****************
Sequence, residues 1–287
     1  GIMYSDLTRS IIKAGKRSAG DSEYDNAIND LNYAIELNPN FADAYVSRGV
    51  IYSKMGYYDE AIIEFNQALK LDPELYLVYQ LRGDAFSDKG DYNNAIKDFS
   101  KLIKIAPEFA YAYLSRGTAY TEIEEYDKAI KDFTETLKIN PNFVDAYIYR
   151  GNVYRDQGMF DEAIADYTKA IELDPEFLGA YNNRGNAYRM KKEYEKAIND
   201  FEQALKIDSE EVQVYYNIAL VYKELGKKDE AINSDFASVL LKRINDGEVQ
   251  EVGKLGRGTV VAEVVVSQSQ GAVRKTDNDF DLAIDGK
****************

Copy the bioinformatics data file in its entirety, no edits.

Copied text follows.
Sequence, residues 1–287
     1  GIMYSDLTRS IIKAGKRSAG DSEYDNAIND LNYAIELNPN FADAYVSRGV
    51  IYSKMGYYDE AIIEFNQALK LDPELYLVYQ LRGDAFSDKG DYNNAIKDFS
   101  KLIKIAPEFA YAYLSRGTAY TEIEEYDKAI KDFTETLKIN PNFVDAYIYR
   151  GNVYRDQGMF DEAIADYTKA IELDPEFLGA YNNRGNAYRM KKEYEKAIND
   201  FEQALKIDSE EVQVYYNIAL VYKELGKKDE AINSDFASVL LKRINDGEVQ
   251  EVGKLGRGTV VAEVVVSQSQ GAVRKTDNDF DLAIDGK